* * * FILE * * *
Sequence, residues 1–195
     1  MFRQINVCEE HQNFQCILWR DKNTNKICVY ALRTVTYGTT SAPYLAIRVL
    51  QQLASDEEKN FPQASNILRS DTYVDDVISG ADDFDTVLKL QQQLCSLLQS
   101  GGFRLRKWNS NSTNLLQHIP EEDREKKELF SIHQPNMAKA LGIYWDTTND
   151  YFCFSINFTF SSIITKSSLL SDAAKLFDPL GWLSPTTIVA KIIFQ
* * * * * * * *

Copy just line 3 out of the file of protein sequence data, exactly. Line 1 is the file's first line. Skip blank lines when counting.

    51  QQLASDEEKN FPQASNILRS DTYVDDVISG ADDFDTVLKL QQQLCSLLQS